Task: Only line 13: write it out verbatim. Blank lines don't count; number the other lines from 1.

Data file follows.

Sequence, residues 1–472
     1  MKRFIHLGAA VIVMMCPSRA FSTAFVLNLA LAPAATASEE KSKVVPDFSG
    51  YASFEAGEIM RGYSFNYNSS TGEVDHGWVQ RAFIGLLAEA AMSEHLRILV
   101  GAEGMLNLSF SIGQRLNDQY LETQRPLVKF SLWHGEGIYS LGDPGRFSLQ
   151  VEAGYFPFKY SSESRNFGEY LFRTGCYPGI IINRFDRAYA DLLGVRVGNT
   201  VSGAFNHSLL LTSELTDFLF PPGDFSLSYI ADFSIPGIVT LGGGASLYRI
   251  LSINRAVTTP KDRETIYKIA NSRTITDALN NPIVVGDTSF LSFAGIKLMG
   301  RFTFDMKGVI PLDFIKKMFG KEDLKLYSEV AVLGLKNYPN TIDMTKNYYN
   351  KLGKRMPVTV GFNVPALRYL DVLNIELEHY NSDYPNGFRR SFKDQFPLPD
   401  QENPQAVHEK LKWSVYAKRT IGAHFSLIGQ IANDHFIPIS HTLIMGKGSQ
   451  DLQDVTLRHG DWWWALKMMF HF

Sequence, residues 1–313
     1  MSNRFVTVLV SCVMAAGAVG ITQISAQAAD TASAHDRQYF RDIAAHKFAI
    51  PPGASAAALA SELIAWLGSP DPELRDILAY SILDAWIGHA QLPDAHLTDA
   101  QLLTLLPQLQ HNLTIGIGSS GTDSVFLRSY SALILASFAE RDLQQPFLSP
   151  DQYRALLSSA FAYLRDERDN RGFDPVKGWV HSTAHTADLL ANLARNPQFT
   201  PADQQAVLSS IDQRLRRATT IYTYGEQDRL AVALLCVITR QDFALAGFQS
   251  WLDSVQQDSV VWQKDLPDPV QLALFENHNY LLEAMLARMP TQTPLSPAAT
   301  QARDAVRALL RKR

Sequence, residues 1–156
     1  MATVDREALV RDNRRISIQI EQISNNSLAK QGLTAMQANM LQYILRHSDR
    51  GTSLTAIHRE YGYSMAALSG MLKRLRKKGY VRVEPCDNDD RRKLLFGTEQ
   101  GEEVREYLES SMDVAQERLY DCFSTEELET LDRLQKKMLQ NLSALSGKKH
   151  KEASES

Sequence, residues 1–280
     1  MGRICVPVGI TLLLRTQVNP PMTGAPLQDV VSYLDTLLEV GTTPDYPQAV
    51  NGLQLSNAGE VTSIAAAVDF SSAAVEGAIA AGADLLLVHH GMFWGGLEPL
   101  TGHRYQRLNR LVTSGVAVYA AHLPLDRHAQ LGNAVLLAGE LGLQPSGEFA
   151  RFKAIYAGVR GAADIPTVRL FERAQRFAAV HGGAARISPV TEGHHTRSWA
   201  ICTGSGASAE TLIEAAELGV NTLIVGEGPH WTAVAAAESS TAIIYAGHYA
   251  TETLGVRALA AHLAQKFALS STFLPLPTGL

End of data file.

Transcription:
     1  MSNRFVTVLV SCVMAAGAVG ITQISAQAAD TASAHDRQYF RDIAAHKFAI